I have received phone calls, and visits, from people who were angry and upset with me, and in that anger said very unkind things. Some were willing to listen to the truth, and calm down. Others did not want to hear the truth. Jack Nicolson was more right than wrong when he said in the movie, A Few Good Men, “You can’t handle the truth!” Many people cannot handle the truth from the prophets, and from the Scriptures, about their failures in the sight of God, and so there is a large amount of emotional sorrow over sin in worship services, but not sincere sorrow.

The emotional sorrow for sin comes in acts of worship because it takes a very cold heart not to be moved by the story of the Cross of Calvary and the Savior’s love. The heart is naturally thrilled to hear about the hope of the resurrection. But emotion is not repentance.

Because emotion is not repentance, people can fall on their knees, determined to be better, to do more, to be more faithful to the services, to Bible study, or to give, and then arise and forget all about the promises they just made to God. Long ago, Malachi observed the vacillating feelings of the people of Israel. The pomp and pageantry associated with Temple worship in Israel evoked a strong emotional response, but no genuine repentance. There finally came a day when God said, “Enough is enough.”

There came a day when God looked at the outward forms of repentance in Israel and said with dynamic force, “Stop it! I will not regard your offerings anymore. I will not receive worship from you.”

When the prophet Malachi announced this to Israel, the people should have been alarmed. The national leaders should have been concerned because the ultimate security of the nation was in jeopardy. In the Law, God warned His people that one form of divine discipline would be national disintegration. The national security of any nation does not depend upon military might, but upon the good favor of God. Psalms 20:7 Some trust in chariots, and some in horses: but we will remember the name of the Lord our God. “Why?” The answer is simple. As goes the spiritual life of a people, so goes the nation. Malachi was telling Israel that God was angry with them, and the LORD knows just how to deal with people He is angry with.

Again, the priests should have been concerned at the message of Malachi. The people expected the priests to teach them the Law of Moses, and offer their appropriate sacrifices to God. But God was putting everyone on notice. He would no longer accept the worship without true repentance. He would not accept the meaningless rituals from the priests, and He would no longer accept the mindless worship from the people.

It was not only the insincere repentance that offended the Lord, but the very words of the priests and the people that wearied Him as well. Notice Malachi 2: 17. “Ye have wearied the Lord with your words.” No doubt about it. The nation of Israel was religious. They had lovely music. They had ceremony. They had beautiful buildings. They talked to God. They talked about God, and yet the Divine verdict was that the words of the people wearied God. In what way? Three ways are mentioned.

First, the people were doing wrong by telling each other their evil was good. “Ye have wearied the Lord with your words. Yet ye say, Wherein have we wearied him? When ye say, Every one that doeth evil is good in the sight of the Lord…” (Mal. 2:17). Like Eve offering the fruit of rebellion to Adam, people sin, and then encourage others to sin saying that the evil they do is good.        Homosexuality is proclaimed to be good. Raising children in single parent homes is said to be good. Genetic engineering of embryo’s to harvest body parts is said to be good.  Abortion is declared to be good. It is argued that positive results can come from evil acts, according to the situation. But situational ethics is a lie of the devil. Evil produces nothing but evil. Jesus said, “A good tree cannot bring forth evil fruit, neither can a corrupt tree bring forth good fruit” (Matt. 7:18).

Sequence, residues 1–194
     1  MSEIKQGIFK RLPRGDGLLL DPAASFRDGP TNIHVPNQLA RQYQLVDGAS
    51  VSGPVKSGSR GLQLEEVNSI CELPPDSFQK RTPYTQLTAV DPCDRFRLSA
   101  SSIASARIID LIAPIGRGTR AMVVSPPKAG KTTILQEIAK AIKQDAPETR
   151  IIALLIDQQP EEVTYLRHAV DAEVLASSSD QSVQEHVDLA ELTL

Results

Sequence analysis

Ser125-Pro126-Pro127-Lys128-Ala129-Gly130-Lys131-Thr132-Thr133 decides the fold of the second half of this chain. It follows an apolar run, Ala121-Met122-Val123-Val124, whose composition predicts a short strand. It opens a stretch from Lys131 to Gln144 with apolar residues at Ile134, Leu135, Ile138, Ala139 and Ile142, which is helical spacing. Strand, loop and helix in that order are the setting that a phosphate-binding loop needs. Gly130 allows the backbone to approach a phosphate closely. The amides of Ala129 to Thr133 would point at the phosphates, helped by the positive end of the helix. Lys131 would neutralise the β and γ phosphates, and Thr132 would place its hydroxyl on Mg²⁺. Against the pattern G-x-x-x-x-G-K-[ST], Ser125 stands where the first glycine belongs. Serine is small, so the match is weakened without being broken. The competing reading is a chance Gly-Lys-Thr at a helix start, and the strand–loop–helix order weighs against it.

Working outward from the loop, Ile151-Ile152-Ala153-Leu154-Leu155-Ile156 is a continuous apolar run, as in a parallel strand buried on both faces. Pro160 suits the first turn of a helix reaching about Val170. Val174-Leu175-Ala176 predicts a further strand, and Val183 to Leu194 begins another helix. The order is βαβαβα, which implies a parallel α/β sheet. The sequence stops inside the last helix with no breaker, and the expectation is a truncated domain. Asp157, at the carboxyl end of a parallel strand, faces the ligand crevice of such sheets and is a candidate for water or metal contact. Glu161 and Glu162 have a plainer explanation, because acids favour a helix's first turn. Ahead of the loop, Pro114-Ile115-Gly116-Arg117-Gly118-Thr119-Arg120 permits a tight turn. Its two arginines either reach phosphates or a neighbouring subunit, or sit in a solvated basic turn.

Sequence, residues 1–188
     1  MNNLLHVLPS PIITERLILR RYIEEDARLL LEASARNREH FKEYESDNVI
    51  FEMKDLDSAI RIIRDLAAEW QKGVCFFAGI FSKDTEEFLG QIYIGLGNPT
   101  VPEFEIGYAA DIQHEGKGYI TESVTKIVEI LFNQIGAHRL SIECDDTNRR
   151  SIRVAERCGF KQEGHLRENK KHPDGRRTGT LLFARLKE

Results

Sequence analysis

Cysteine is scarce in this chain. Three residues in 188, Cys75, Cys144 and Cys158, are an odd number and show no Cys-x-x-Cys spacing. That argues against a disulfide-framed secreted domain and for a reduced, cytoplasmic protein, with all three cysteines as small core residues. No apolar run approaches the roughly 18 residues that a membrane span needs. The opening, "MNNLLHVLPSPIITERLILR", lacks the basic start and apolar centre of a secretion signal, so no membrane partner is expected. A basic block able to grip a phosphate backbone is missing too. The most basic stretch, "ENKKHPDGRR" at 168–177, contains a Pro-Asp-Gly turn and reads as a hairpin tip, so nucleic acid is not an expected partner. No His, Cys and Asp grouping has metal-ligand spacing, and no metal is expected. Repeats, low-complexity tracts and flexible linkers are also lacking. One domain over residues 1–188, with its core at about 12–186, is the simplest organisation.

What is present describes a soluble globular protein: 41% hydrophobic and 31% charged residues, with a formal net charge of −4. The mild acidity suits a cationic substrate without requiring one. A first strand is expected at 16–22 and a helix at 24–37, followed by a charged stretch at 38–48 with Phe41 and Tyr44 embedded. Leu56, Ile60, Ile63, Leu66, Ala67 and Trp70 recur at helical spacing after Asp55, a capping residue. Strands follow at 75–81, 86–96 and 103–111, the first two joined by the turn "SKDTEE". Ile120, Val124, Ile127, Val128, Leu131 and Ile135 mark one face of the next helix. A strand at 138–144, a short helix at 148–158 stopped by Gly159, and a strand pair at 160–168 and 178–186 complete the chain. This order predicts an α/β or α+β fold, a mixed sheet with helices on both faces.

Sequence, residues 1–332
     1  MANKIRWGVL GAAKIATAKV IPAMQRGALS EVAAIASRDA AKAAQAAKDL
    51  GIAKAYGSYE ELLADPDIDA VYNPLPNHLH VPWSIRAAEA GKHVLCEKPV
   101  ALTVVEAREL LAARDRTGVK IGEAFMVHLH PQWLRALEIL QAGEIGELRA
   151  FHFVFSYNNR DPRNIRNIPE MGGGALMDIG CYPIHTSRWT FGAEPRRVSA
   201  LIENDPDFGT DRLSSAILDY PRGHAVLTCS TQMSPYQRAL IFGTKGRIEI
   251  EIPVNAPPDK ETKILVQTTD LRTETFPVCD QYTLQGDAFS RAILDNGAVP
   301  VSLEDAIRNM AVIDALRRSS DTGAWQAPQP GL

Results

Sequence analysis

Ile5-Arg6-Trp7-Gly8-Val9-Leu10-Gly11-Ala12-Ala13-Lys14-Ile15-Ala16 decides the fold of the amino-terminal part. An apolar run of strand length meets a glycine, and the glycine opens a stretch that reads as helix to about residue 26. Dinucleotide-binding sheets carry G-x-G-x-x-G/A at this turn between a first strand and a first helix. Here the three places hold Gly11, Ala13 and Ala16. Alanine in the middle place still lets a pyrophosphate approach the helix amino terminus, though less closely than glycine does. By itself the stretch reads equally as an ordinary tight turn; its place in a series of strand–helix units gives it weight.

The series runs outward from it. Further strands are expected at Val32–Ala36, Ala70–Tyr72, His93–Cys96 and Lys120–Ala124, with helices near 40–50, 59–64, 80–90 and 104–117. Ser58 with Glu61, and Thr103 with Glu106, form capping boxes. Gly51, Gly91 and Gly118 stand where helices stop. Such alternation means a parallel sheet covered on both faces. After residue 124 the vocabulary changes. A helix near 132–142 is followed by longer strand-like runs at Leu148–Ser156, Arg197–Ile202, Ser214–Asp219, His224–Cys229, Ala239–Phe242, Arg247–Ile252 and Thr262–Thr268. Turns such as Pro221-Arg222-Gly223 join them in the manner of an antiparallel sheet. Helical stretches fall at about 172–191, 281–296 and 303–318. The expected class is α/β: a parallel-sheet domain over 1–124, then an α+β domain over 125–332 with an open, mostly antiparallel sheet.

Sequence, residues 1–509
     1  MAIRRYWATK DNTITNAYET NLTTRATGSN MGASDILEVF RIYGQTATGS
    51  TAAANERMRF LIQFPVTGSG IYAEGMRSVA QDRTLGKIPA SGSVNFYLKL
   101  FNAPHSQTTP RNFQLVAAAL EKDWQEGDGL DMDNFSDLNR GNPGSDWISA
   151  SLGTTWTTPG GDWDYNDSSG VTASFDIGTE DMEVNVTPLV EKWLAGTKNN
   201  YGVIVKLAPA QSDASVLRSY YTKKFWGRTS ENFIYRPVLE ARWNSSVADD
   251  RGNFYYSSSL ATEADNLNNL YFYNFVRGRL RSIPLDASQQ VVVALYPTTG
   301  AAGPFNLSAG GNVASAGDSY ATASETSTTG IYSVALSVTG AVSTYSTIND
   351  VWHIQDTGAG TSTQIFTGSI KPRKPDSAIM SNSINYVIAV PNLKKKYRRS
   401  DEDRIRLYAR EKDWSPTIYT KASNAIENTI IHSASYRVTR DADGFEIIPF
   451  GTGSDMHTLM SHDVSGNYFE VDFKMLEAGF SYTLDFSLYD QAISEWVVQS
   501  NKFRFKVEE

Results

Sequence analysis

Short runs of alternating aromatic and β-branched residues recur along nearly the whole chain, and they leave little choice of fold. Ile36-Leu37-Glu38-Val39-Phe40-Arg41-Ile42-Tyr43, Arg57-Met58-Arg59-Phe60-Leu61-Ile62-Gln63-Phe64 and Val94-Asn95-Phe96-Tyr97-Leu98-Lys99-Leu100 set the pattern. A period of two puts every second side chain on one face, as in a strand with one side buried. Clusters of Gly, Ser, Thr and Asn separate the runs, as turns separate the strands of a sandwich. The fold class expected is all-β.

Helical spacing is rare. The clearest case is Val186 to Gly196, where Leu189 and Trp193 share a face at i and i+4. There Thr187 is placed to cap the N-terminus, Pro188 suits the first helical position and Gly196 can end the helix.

Not only were the people telling each other that evil was good, they were telling each other that God approved of what they were doing.  “And he delighteth in them…” (Mal. 3:17b).

Third, the people were also saying that there was no reason to fear God. They boldly asked in mockery, “Where is the God of judgment?” In the modern day church, the fear of God is not preached about because again, it is not recognized. The modern church dares to say, “Where is the God of judgment?” And so the doctrine of hell is denied in favor of soul sleep, or annhilationism.

The conclusion of the matter is that it is possible to worship God without genuine repentance. This is done by protecting a divided heart. False repentance refuses to confess and put away sin. False repentance will justify covetousness, lust, and anger. False repentance will have a fundamental contempt for the local church. False repentance will insist that evil is good.

It was an act of amazing grace when God sent His prophet, Malachi, to speak honestly to the people, and to bring them to true repentance. Malachi had to tell the people plainly, “There is a repentance that needs to be repented of.” The reason why the LORD sent Malachi to Israel was simple. God loved His covenanted people, and had their best interest in mind. God still has the same love for His own today, for the LORD changes not.

The challenge for the church today is the same as it was for the church in the Old Testament era. The church must learn to worship the Lord in such a way that He is not wearied with our words, but pleased. But for the LORD to be pleased with our worship, there must be an honest examination of ourselves so that the sacrifices of our lips, and the meditations of our hearts, can be acceptable in His sight.

Perhaps there is someone who needs to confess to a repentance that needs to be repented of. May God grant us gospel grace to truly repent.